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Anthony “Hollywood” Hembrick was a light-heavyweight contender, an exciting boxer who was 14-0 with eight knockouts. On June 12, 1990, he headlined a card at Fort Bragg, North Carolina, where he’d served with the Army’s 82nd Airborne Division. With a wildly partisan Army crowd in attendance and a national TV audience on USA Network, Hembrick met journeyman Booker T. Word for the vacant U.S. Boxing Association title, a steppingstone belt on the way to a world championship.
An admirer of fellow Detroiter Sugar Ray Robinson, Hembrick “understood the showbiz angle of boxing,” his manager, Arnie “Tokyo” Rosenthal, says. Hembrick dressed his cornermen in bike shorts had them get “fade” haircuts — this was 1990 — and before the fight, performed a series of choreographed dance moves with them. The crowd loved it.
And then the fight started. Hembrick controlled the first round and buckled Word’s knees with a left hook. But then Word caught Hembrick with a wild right hand, knocking him down face first. Hembrick got up, but never really recovered. Two knockdowns later, the fight was over. A first-round KO.
“Nobody was ever going to forget this night against Word,” Rosenthal says. “It was on USA Tuesday Night Fights. And they would play it year after year after year, you know, in the best and the greatest knockouts and the funniest knockouts. You know, this just gets played over and over and over again.”
This wasn’t the first or last disappointment for Hembrick, who had been the captain of the 1988 U.S. Olympic boxing team and would eventually fight for the world title twice. He retired in 1996 after he was diagnosed with a leaky blood vessel in his brain. His health today is good, he says with a chuckle, “besides some dementia.” He says that manifests itself in forgetfulness, but he doesn’t present as a person struggling with dementia.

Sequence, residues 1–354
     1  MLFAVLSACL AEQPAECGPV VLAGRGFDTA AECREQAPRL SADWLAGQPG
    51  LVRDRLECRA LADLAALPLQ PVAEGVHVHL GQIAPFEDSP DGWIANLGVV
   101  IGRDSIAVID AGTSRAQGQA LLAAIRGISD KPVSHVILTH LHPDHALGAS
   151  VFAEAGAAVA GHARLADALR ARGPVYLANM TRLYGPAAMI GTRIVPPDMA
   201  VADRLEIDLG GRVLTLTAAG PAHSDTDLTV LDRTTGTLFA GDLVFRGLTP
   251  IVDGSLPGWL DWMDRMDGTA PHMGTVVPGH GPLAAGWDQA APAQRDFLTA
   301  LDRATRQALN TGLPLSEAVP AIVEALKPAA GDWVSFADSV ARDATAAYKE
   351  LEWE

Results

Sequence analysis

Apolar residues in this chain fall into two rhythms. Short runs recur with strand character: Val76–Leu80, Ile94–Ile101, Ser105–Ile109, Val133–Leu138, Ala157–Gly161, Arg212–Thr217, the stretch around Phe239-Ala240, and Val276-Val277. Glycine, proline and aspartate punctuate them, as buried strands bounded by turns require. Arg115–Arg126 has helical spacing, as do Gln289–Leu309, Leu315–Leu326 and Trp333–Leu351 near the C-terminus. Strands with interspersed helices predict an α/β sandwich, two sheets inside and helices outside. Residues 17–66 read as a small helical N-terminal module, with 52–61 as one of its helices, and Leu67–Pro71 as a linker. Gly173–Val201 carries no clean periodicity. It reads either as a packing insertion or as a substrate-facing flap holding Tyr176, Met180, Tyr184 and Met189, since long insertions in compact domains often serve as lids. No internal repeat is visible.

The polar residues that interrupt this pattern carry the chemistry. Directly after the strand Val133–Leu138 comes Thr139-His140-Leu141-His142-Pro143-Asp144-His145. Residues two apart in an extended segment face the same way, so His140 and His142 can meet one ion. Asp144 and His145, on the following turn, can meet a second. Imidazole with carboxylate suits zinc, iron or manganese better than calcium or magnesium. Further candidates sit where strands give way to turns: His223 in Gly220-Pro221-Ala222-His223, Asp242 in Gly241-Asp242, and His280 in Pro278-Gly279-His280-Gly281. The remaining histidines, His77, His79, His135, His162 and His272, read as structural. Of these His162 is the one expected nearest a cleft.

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His latest album is called Waiting For the Train.
People in the story
Anthony Hembrick fought professionally from 1989 to 1996, retiring with a record of 31-8-2. He was the USBA light heavyweight champion in 1995. He lost a controversial split decision to Leonzer Barber for the WBO light heavyweight title in 1992, and lost a unanimous decision to Henry Maske for the IBF title in 1993. As an amateur, Hembrick had been a star of the Army team out of Fort Bragg, North Carolina, and was elected captain of the 1988 U.S. Olympic boxing team. A schedule mixup caused him to miss his first fight in Seoul, resulting in disqualification. After his boxing career ended, Hembrick reenlisted in the Army, retiring with a full pension. He lives in Dallas, where he coaches boxing. He’s seen here in a recent photo.
Tokyo Rosenthal is an Americana singer-songwriter who, in one of many previous professional incarnations, was Hembrick’s manager. He’s also been a TV executive and commentator, a photographer and an author. His latest album is This Minstrel Life and his new book is Our Last Seder. For more information, visit his website at TokyoRosenthal.com.
Alfonso “Smitty” Smith was the coach of the Army boxing team at Fort Bragg, and also worked in Hembrick’s corner during his professional career. Smitty says he didn’t have any say in the choosing of Hembrick’s opponents, but didn’t like the idea of Booker T. Word from the start, because Word was a “short, muscular guy that stayed in his chest,” exactly the kind of fighter who always gave Hembrick problems, “even in the gym.” Smith was inducted into the Carolina Boxing Hall of Fame in 2009.